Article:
Chapter Seven: Creating national institutions to implement and monitor the Convention – Coordination mechanisms


The Convention encourages States to designate, within government, a coordination mechanism to facilitate related action in different sectors and at different levels. States may wish to consider establishing a coordination mechanism, or revising an existing coordination mechanism, that:

  • Consists of a permanent structure with appropriate institutional arrangements to allow coordination among intragovernmental actors;
  • Ensures coordination at the local, regional and national/federal levels; and
  • Ensures the participation of persons with disabilities, organizations of disabled persons and NGOs by establishing a permanent forum for discussions with civil society.

Various jurisdictions have introduced focal points and coordination mechanisms to act as intermediaries either between the Government and national human rights organizations or, more commonly, between the Government and individuals and their representative organizations. Often, existing coordination mechanisms on disability include representatives of various ministries (ministry of labour and social affairs, or ministries of finance, health, housing, education, employment), occasionally include representatives of local and regional authorities, and very often include organizations of persons with disabilities. Australia’s National Disability Council, for example, provides advice to the Government on disability-related issues and organizes consultations with the community to promote dialogue and elicit first-hand information from rights-holders.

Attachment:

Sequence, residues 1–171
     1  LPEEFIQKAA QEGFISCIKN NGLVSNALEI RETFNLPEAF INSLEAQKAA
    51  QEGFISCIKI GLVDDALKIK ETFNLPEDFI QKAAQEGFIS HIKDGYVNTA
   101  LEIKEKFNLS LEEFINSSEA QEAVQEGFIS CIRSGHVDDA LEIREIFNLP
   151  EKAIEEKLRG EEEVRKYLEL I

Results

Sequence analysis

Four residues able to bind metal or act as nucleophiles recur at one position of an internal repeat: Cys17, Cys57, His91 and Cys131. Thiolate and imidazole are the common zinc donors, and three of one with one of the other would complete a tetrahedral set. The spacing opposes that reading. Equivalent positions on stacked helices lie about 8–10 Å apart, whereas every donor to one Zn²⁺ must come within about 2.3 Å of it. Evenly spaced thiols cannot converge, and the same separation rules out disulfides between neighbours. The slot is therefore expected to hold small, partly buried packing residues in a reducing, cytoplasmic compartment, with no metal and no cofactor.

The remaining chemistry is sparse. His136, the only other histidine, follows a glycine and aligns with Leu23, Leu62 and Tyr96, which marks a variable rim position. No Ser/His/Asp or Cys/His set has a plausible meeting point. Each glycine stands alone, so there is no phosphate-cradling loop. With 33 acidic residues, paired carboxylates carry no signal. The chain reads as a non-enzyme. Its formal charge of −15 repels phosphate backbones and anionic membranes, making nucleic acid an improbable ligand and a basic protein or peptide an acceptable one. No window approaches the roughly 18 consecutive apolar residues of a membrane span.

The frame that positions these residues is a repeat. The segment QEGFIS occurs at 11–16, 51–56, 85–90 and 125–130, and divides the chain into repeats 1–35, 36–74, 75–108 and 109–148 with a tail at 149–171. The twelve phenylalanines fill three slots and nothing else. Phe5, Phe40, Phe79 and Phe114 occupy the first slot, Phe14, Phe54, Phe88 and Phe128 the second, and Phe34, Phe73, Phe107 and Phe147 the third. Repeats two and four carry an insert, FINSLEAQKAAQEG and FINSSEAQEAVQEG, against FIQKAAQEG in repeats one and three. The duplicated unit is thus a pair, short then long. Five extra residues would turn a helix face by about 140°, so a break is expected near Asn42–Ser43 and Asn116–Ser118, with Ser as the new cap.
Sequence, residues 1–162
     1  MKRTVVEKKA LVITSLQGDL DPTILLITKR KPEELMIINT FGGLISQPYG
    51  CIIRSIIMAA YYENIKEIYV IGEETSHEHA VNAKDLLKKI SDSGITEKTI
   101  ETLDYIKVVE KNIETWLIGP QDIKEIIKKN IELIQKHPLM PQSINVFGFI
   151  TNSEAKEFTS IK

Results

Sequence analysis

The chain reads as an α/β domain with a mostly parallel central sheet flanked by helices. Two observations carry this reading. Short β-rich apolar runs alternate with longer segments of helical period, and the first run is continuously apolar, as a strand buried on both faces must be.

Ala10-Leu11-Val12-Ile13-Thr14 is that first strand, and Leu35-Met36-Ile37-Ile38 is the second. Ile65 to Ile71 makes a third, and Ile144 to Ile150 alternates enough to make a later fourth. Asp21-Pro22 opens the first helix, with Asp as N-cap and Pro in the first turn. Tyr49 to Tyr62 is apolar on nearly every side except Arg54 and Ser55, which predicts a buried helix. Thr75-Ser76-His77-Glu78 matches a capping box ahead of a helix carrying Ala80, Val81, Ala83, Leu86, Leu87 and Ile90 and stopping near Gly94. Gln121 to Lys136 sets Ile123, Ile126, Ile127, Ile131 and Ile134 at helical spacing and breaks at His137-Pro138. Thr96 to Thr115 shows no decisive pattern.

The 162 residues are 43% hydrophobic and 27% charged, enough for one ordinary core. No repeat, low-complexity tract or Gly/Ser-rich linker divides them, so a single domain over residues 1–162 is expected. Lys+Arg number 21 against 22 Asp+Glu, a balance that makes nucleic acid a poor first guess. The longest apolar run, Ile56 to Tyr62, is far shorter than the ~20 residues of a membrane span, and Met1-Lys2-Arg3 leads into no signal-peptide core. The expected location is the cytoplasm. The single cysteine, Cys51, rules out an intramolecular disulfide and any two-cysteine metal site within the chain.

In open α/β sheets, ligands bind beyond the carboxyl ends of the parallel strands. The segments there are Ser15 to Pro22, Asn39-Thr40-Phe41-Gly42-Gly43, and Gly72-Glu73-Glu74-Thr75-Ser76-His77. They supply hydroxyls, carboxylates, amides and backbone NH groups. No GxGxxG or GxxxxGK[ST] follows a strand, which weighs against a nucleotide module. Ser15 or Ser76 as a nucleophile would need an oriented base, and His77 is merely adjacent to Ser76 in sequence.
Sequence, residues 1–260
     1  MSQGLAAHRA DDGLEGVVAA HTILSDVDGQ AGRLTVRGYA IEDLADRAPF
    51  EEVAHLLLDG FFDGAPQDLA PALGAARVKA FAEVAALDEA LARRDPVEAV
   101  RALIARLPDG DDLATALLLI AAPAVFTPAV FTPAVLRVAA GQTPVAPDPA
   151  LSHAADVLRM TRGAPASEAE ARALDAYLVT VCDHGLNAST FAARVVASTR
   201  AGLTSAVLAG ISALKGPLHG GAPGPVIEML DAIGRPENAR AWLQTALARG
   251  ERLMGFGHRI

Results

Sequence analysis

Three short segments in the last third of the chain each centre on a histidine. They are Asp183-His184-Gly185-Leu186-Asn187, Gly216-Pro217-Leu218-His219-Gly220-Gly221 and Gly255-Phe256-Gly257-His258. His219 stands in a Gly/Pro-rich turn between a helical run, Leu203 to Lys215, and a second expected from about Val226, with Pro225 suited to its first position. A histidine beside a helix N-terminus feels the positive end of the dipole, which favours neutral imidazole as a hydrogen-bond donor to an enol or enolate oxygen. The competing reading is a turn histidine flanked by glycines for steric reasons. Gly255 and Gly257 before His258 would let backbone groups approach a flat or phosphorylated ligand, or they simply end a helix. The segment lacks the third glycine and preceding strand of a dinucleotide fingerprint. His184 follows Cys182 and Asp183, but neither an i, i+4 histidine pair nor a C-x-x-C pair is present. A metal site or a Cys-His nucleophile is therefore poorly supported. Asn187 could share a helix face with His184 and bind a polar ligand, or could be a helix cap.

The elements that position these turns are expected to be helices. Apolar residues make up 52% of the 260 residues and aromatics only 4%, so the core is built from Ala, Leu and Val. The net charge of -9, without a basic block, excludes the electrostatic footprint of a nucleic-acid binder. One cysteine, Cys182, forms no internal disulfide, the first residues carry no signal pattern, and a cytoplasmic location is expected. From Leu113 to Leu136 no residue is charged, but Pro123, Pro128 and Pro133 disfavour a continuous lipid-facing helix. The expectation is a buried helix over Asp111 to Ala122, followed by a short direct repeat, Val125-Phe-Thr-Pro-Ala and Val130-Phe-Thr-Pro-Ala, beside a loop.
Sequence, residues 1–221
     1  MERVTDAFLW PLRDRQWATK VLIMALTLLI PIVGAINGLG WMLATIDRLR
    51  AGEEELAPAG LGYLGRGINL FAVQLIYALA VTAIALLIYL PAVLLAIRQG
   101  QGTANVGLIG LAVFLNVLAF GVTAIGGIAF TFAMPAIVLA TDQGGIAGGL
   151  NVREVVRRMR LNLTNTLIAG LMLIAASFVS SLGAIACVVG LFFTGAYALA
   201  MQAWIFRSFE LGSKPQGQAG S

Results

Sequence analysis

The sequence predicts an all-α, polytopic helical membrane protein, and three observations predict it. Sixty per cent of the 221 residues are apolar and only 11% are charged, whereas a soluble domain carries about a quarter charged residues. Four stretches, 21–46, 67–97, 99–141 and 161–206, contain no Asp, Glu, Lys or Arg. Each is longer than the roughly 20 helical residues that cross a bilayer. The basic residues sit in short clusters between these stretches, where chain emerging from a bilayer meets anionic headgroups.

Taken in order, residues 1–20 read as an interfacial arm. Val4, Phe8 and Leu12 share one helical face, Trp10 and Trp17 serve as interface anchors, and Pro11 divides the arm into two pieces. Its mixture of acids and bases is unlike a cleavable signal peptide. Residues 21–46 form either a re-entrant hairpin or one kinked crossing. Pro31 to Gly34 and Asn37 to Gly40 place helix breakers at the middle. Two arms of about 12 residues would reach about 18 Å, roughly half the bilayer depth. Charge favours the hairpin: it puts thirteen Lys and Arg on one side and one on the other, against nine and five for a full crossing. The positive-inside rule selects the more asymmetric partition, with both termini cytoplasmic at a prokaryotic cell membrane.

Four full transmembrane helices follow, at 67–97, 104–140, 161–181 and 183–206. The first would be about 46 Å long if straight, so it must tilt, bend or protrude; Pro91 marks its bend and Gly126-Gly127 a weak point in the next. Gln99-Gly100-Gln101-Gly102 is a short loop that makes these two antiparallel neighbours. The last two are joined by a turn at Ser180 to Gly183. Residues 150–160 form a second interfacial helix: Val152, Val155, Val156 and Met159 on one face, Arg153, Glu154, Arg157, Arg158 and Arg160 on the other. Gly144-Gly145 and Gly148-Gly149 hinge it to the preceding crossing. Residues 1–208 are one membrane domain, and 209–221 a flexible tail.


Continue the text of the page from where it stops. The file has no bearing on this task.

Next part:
Achieving rights for people with disabilities is an ongoing challenge. This Convention will serve as a road map and a reference point in the pursuit of opportunity and the creation of a society where access, fairness and equality are available to all people with disabilities in Australia.

Graham Edwards, MP (Australia)